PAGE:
KNOXVILLE, Tenn. (WATE) — On Thursday, Knox County Health Department leaders announced more than 10,000 people were on the waitlist for the COVID-19 vaccine.
Jim McClusky, a former pastor at Wallace Memorial Baptist Church, would have been one of those had he not been able to find a way to get the vaccine sooner.
McClusky recently turned 90 years old, and was anxious to get better protected from COVID-19.
“Obviously at my age I’m high-risk,” McClusky said.
He said that as soon as he heard the vaccine was coming to Knox County for residents 75 years and older, he was trying to get himself and his wife signed up.
“I started calling the Knox County Health Department, and I constantly got a recording, saying that they did not have the vaccine and they were not taking reservations,” McClusky said.
This was before Knox County had a waiting list.
“I didn’t think (my chances) looked too good,” McClusky said.
McClusky continued to try to make an appointment.
“I did keep checking. I called almost every day. And I continued to get the recording,” McClusky said.
McClusky said one day he finally talked with a ‘live person,’ and although she was very nice to him about the situation, he was told they weren’t taking reservations and they didn’t have the vaccine.
His vaccination journey wasn’t over at that point.
“I heard from a friend that he had gone to Scott County to get the shot. This was about three-and-a-half weeks ago,” McClusky said.
McClusky called the Scott County Health Department and spoke with a ‘live person’ on his first try.
“I informed her that I was not a resident of Scott County. That I lived in Knox County, and she said, ‘can’t you get a reservation there?’ And I said, ‘no.’ And she said, ‘well, I can help you,'” McClusky said.
McClusky said he called on a Monday.
He and his wife were scheduled for their first shot of the vaccine that Friday in Scott County.
“Little less than an hour drive. And we’re only there 30 minutes,” McClusky said.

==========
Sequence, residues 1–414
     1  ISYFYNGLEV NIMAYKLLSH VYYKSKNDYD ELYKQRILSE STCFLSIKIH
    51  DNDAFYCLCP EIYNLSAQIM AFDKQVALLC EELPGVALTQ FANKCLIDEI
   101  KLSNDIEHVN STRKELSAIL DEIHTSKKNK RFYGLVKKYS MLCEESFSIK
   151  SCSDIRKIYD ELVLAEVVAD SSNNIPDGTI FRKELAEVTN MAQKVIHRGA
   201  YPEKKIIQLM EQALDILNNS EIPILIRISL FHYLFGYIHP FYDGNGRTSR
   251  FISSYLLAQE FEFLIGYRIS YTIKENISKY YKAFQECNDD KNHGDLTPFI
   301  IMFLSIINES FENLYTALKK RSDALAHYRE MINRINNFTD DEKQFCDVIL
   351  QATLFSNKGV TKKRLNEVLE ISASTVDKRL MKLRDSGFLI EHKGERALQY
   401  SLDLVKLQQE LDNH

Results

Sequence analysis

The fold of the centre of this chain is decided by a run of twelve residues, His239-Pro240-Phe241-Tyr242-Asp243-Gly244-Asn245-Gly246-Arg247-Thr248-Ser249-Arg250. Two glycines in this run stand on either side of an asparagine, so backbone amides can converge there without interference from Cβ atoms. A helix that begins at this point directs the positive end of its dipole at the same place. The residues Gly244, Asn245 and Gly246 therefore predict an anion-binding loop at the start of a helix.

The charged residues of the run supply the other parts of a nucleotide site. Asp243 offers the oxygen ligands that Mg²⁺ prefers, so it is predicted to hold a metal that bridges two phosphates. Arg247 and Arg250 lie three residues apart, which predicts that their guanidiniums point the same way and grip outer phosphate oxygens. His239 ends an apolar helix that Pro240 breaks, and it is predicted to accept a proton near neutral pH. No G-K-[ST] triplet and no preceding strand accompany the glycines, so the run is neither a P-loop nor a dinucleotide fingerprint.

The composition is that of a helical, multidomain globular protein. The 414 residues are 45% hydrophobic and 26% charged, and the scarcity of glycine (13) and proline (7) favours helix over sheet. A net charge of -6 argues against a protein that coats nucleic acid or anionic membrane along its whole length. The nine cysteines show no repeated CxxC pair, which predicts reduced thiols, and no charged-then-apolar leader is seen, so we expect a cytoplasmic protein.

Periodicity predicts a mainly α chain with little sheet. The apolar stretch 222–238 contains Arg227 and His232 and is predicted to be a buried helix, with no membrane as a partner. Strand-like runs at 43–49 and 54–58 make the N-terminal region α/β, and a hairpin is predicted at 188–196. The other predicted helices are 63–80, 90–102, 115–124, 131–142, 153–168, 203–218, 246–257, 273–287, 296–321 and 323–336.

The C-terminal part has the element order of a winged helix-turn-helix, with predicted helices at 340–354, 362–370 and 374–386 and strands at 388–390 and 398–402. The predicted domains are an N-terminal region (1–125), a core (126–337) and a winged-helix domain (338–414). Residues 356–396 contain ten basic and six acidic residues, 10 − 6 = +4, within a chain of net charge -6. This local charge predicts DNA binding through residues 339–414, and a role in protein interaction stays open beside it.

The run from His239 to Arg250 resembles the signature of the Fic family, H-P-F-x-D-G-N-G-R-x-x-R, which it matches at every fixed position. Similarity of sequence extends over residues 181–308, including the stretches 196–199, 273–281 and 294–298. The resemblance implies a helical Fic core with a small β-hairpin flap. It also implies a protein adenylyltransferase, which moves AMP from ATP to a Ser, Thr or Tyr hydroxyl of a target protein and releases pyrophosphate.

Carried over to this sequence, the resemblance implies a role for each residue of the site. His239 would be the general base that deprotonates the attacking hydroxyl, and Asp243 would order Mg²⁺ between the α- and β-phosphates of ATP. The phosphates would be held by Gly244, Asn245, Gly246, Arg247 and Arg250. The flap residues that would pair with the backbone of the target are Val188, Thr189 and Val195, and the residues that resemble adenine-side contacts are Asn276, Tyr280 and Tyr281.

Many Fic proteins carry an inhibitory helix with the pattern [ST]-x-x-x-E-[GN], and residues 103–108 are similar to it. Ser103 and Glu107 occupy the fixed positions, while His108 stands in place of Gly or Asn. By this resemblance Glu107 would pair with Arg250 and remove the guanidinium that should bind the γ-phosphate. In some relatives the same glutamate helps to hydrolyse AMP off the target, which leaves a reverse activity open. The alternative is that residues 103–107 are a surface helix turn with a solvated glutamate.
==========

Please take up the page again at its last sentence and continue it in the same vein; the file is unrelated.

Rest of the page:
McClusky said the staff even offered to vaccinate them outside, since his wife is in a wheelchair after suffering from a stroke several years ago.
He said the drive was worth it — it was scenic and a shorter time than waiting for the vaccine in Knox County.
“Now we have to go back in 10 days to get our second shot, because where you get the first one, I’m told you have to get the second one,” McClusky said.
He’s ready for that second shot, and especially for what happens after two weeks of receiving the second dose: being better protected.
“I have not being going out very much, and not in any crowded situations, but I’m looking forward doing so as soon as I feel safe,” McClusky said.
McClusky said he isn’t blaming KCHD for not having the availability.
However, he does believe a wait system should’ve been set up either before or around the same time vaccinations to the public opened up.
McClusky even called to check out the reservation system Thursday morning to see if it was in fact set up.
It was, but then he learned more than 10,000 people were on it.
He said he noticed the availability of the vaccine through other providers was also increasing, but he worried about other senior citizens who weren’t as tech savvy as he was.
“I’m familiar with it, but many of us senior adults are not comfortable online, if we can even get online,” McClusky said. However, people can sign up to be on the wait list via phone.
McClusky also felt the age group shouldn’t have opened until more people in the current open categories were vaccinated. With the expectation, he does believe teachers should have been one of the first to receive the vaccine.
While McClusky and his wife will be able to have both doses of the vaccine in 10 days, he hopes others won’t have to wait much longer.
Since he received his shot outside of Knox County, McClusky said he has had at least 10 friends go outside the county for their shots.
The Tennessee Department of Health said the following about residents going outside of their counties to receive the vaccine:
“We encourage people as much as possible to seek vaccination in their county of residence or employment, as vaccine allocations are based on county populations. However, one does not need proof of residence to receive a vaccination at one of our county health department locations.”Tennessee Department of Health